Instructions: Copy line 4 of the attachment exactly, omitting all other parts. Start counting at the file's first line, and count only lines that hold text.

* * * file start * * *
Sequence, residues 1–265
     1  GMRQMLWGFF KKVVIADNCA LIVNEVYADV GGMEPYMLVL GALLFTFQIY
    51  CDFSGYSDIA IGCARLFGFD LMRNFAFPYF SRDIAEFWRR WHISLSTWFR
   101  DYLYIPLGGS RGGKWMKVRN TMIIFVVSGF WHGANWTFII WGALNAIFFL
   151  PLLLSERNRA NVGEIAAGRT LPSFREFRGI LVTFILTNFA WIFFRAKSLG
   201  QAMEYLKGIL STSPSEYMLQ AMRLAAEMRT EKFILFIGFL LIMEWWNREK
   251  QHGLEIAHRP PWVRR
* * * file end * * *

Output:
   101  DYLYIPLGGS RGGKWMKVRN TMIIFVVSGF WHGANWTFII WGALNAIFFL